Experts flush out India’s ‘sewage’ rivers
Urban India is treating its rivers as a pipeline for water, a dumping ground for all kinds of sewage, industrial effluents and solid waste and, its floodplain and riverbed as land available for encroachment.
This was the gloomy perspective presented by Himanshu Thakkar, a social activist at the South Asian Network on Dams, Rivers and People.
Speaking at the two-day ‘Dialogue on Urban rivers of Maharashtra’ at Yashada on Friday, Thakkar said that India needs a national urban water policy in which the sustainable existence of urban rivers have a key place.
“This dialogue is an important step in that journey,” he said at the conference organised by the Indian National Trust for Art and Cultural Heritage (Intach, Pune Chapter) and the South Asian Network on Dams, Rivers and People.
Inaugurated by noted ecologist Prof. Madhav Gadgil, a number of prominent environmentalists are participating in this conference.
Gadgil, in his inaugural address urged the people to use the internet to empower and bring about a change in the policies to help save the rivers of Maharashtra.
The keynote address was delivered by Manoj Mishra, convenor, Yamuna Jiye Abhiyan. He presented a case study on Yamuna Jiye Abhiyan’s efforts to save Yamuna river.
“The idea of the conference is to initiate a dialogue between various activists, NGOs and like-minded people who believe in saving the rivers,” said Sarang Yadwadkar of Intach, Pune. “The health and future of our country is critically dependent on the health of our rivers. To compromise on our rivers’ health is to endanger our own existence and future,” he added.
Thakkar said most of the urban rivers in Maharashtra are affected by problems like pollution, encroachment, dumping of waste and mining. Urban Industrial effluents and unplanned development and encroachment of the floodplains and the riverbeds are affecting the rivers. “So, we are experiencing floods and flash floods with increased intensity and frequency. This can lead to an increasing possibility of water scarcity, depletion of groundwater levels and drought in spite of rains,” he said.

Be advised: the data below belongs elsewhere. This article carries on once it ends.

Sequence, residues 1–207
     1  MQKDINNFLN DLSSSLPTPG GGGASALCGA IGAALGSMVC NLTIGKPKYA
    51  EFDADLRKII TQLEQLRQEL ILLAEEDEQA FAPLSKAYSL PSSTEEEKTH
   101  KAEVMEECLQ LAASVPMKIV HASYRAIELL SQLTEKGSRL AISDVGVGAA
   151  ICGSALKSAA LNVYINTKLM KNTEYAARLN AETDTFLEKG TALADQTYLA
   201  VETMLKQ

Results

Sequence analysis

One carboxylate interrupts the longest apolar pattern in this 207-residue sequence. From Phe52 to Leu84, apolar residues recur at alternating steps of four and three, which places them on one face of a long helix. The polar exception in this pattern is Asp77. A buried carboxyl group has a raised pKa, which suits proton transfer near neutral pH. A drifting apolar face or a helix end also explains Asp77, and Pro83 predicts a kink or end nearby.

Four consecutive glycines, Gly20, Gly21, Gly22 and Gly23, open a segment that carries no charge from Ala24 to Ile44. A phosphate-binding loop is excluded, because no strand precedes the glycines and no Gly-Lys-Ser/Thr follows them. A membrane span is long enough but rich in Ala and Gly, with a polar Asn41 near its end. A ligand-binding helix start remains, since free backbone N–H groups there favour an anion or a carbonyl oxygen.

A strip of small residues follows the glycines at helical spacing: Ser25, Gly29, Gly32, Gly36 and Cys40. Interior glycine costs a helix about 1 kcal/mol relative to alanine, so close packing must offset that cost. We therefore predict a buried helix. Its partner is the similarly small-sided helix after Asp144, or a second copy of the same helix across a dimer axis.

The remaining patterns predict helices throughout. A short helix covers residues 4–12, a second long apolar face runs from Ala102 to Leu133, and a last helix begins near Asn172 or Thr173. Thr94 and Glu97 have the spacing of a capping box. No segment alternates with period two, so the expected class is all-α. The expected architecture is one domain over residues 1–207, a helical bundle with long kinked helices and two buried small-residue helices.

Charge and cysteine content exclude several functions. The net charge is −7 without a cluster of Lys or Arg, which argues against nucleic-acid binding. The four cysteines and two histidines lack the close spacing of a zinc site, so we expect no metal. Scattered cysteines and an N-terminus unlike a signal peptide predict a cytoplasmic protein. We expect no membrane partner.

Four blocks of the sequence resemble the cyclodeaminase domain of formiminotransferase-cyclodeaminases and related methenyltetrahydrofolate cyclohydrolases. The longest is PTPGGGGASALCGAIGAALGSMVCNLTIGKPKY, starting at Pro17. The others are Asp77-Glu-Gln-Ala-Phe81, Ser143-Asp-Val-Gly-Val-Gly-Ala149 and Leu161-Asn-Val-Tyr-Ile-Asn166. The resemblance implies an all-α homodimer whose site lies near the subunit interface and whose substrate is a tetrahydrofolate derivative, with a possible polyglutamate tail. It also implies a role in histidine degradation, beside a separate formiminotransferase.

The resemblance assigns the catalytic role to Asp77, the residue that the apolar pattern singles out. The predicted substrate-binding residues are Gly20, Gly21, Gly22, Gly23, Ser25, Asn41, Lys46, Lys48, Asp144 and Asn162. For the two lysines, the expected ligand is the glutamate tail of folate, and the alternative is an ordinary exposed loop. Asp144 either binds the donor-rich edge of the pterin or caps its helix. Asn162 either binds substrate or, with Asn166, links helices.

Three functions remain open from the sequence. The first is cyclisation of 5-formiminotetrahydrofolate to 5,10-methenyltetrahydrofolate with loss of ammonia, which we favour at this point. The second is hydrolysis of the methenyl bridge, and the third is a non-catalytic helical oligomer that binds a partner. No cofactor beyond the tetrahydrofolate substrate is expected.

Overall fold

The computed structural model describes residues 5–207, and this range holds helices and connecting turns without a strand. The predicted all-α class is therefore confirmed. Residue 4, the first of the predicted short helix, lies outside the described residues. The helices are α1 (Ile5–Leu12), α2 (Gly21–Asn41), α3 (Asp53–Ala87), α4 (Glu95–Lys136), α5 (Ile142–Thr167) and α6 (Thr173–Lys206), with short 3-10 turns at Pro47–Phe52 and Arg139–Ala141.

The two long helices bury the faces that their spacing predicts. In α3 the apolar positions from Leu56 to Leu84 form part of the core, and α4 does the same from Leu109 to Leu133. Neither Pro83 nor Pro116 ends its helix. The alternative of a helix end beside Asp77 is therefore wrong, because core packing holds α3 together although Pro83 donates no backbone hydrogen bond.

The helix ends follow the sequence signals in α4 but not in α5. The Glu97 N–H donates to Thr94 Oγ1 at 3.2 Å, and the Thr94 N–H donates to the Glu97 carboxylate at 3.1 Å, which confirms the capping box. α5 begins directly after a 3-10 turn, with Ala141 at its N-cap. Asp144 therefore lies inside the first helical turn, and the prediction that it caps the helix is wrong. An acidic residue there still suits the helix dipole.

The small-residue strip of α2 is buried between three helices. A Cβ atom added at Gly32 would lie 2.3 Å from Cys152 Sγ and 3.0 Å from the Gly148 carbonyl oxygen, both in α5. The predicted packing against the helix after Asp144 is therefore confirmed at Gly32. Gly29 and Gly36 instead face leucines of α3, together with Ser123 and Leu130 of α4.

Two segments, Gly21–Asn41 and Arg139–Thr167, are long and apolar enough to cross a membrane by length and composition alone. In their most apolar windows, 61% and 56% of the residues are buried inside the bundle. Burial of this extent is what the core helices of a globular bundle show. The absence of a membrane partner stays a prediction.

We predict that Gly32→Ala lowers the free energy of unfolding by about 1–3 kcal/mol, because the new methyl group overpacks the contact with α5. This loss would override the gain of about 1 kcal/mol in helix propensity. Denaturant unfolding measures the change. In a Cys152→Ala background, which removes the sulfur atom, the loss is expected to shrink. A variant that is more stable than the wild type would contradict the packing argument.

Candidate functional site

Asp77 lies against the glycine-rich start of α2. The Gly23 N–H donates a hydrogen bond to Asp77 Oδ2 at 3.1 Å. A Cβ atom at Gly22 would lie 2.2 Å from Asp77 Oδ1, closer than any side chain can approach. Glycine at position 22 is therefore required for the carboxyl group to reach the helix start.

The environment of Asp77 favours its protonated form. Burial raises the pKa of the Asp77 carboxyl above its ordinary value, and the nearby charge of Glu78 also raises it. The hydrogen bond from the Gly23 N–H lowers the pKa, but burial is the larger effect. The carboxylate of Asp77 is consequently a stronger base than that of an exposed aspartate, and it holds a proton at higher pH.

While Environmentalist Himanshu Kulkarni spoke about the importance of ground water in urban India, D M More, a retired officer from the irrigation department said that the policy making process needs to be reformed, to save rivers.
The conference aims to bring about a framework of a river policy at the state level and formation of a network of individuals and groups who could work for the cause of the rivers. The dialogue hopes to bring out inputs for framework of a River Policy at State Level and formation of a network of individuals and groups towards the cause of our rivers.
With speculation in some quarters about overhaul in Karnataka BJP, including replacement of the Chief Minister, once again coming to the fore, Opposition Congress on Tuesday took a dig at Basavaraj Bommai by calling Bommai a "Puppet CM" even as some ruling party leaders ruled out the possibility of a leadership-change.
Two drug addicts were arrested and four minor boys detained in connection with the killing of a food delivery man in Madhya Pradesh's Indore, police said on Tuesday. The motive of the accused was to rob the food and money from the victim, Sunil Verma (20), was carrying on the July 29 night, a police officer said. The incident had occurred under the limits of Banganga police station.
The Jammu and Kashmir Congress on Tuesday took out 'Azadi Ki Gaurav Padyatra' from Bhour camp to Satwari chowk here with its working president Raman Bhalla reiterating the demand for restoration of statehood to the erstwhile state. The 'Padyatra' was organised as part of the 75th anniversary of India's independence to recollect the sacrifices of martyrs and spread the message of communal harmony, Bhalla, who was leading the foot march, said.
The Karnal police have arrested a drug peddler and recovered 1.10 kg of opium from his possession. The police said that the accused, Kuldeep of Bansa village of the district was arrested from Nissing on Tuesday evening. Sub-inspector Rishi Pal said that they got information about a drug smuggler in the Nissing area. During the raid, the police team recovered 1.10kg of opium from him.
The highly contagious lumpy skin disease (LSD) has now infected thousands of cattle in Haryana. As per the ground reports, in the beginning, the infection was reported in a few foreign breed cows in the Radaur block of Yamunanagar district. But the virus has now been reported in almost all northern districts of the state. The maximum cases are from Yamunanagar, Ambala, Kurukshetra and Sirsa districts.